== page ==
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I have two Collections in a Java class.The first collection contains previous data, the second contains updated data from the previous collection.

I would like to compare the two collections but I'm not sure of the best way to implement this efficiently.Both collections will contain the same amount of items.

Based then on the carType being the same in each collection I want to execute the carType method.

Any help is appreciated

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What result do you expect from the comparison; you want to extract the elements that didn't change ? do you need to know their index in the collections (it's the same in both)... – pgras Nov 3 '10 at 8:57
Apologies for the vague description pgras. The collections will be in the same order and the same size.Some of the data in the new collection will be updated from the previous collection.Based on carType,registrationNo and insurancePolicy being the same in both collections I will then execute some other code. – damien535 Nov 3 '10 at 9:13
up vote 14 down vote accepted

Difficult to help, because you didn't tell us how you like to compare the (equal-size) collections. Some ideas, hoping one will fit:

Compare both collections if they contain the same objects in the same order

Iterator targetIt = target.iterator();
for (Object obj:source)
  if (!obj.equals(
    // compare result -> false

Compare both collections if they contain the same objects in the any order

for (Object obj:source)
  if (target.contains(obj))
    // compare result -> false

Find elements in other collection that has changed

Iterator targetIt = target.iterator();
for (Object obj:source)
  if (!obj.equals(
    // Element has changed

Based on your comment, this algorithm would do it. It collects all Cars that have been updated. If the method result is an empty list, both collections contain equal entries in the same order. The algorithm relies on a correct implementation of equals() on the Car type!

public List<Car> findUpdatedCars(Collection<Car> oldCars, Collection<Car> newCars)
  List<Car> updatedCars = new ArrayList<Car>();
  Iterator oldIt = oldCars.iterator();
  for (Car newCar:newCars) {
    if (!newCar.equals( {
  return updatedCars;
share|improve this answer
You are using new in your parameter which is not allowed. Also, where is this new used in findUpdatedCars? – Shervin Asgari Nov 3 '10 at 9:27
@Shervin - thanks for the remark! Fixed the issues. – Andreas_D Nov 3 '10 at 9:58
if you don't mind I changed the return value – Shervin Asgari Nov 3 '10 at 10:12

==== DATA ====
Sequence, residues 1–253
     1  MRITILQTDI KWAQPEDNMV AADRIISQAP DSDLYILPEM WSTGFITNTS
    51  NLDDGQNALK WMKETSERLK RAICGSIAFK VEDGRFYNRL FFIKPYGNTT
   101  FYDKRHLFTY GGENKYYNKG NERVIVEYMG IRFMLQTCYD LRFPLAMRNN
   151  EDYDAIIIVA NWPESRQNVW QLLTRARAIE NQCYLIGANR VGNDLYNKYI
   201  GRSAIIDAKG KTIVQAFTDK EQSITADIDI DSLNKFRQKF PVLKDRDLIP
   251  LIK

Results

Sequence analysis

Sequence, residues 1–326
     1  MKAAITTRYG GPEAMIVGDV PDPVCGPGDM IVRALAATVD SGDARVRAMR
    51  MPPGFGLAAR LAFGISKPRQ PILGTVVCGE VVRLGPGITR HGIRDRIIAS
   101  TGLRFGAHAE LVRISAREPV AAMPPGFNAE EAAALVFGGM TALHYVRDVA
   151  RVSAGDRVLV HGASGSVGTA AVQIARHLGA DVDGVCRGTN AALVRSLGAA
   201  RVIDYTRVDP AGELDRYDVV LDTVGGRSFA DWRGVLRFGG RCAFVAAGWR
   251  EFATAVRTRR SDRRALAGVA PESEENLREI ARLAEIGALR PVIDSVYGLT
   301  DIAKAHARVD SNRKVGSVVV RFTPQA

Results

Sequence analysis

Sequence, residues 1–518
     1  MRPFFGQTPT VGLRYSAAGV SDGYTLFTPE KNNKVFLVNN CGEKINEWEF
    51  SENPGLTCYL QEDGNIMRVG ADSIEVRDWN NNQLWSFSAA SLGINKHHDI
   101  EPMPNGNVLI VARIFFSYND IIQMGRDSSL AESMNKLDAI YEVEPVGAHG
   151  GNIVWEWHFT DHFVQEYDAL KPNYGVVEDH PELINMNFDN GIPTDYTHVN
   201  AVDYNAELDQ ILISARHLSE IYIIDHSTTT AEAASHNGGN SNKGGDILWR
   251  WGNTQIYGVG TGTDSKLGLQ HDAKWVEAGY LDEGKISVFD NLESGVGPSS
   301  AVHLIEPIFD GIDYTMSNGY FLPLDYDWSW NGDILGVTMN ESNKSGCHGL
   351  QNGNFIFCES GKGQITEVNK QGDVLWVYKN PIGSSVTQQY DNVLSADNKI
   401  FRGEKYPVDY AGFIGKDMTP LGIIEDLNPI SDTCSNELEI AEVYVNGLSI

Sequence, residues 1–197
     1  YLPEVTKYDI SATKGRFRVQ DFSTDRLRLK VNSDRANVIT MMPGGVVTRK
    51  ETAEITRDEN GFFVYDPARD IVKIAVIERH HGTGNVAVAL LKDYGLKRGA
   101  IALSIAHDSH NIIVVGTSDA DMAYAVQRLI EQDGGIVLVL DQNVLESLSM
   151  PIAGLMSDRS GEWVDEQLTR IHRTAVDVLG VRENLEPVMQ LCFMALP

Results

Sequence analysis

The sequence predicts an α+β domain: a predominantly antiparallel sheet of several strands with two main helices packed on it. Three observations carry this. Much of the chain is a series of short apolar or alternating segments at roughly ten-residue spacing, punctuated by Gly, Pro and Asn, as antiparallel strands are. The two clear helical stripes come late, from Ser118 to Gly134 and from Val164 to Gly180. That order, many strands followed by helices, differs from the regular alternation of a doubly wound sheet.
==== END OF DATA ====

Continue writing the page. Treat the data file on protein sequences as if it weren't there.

@Shervin and @Andreas_D, thanks for the help guys. Very well explained. Very much appreciated! – damien535 Nov 3 '10 at 10:43
@damien535: Remember that for this to work, you must override hashCode() and equals() in your Car object – Shervin Asgari Nov 3 '10 at 12:37
  • Iterate over the first collection and add it into a Map<Entity, Integer> whereby Entity is the class being stored in your collection and the Integer represents the number of times it occurs.
  • Iterate over the second collection and, for each element attempt to look it up in the Map - If it exists then decrement the Integer value by one and perform any action necessary when a match is found. If the Integer value has reached zero then remove the (Entity, Integer) entry from the map.

This algorithm will run in linear time assuming you've implemented an efficient hashCode() method.

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From the set arithmetics, the sets A and B are equal iff A subsetequal B and B subsetequal A. So, in Java, given two collections A and B you can check their equality without respect to the order of the elements with

boolean collectionsAreEqual = A.containsAll(B) && B.containsAll(A);
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this statement is true for sets but may not be true for lists or other structures that permit duplicate entries (in other words, use sets when possible to simplify your logic) – cfeduke Jun 2 '15 at 19:51

If not worried about cases like (2,2,3), (2,3,3):

static <T> boolean equals(Collection<T> lhs, Collection<T> rhs) {
    return lhs.size( ) == rhs.size( ) && lhs.containsAll(rhs)  && rhs.containsAll(lhs);
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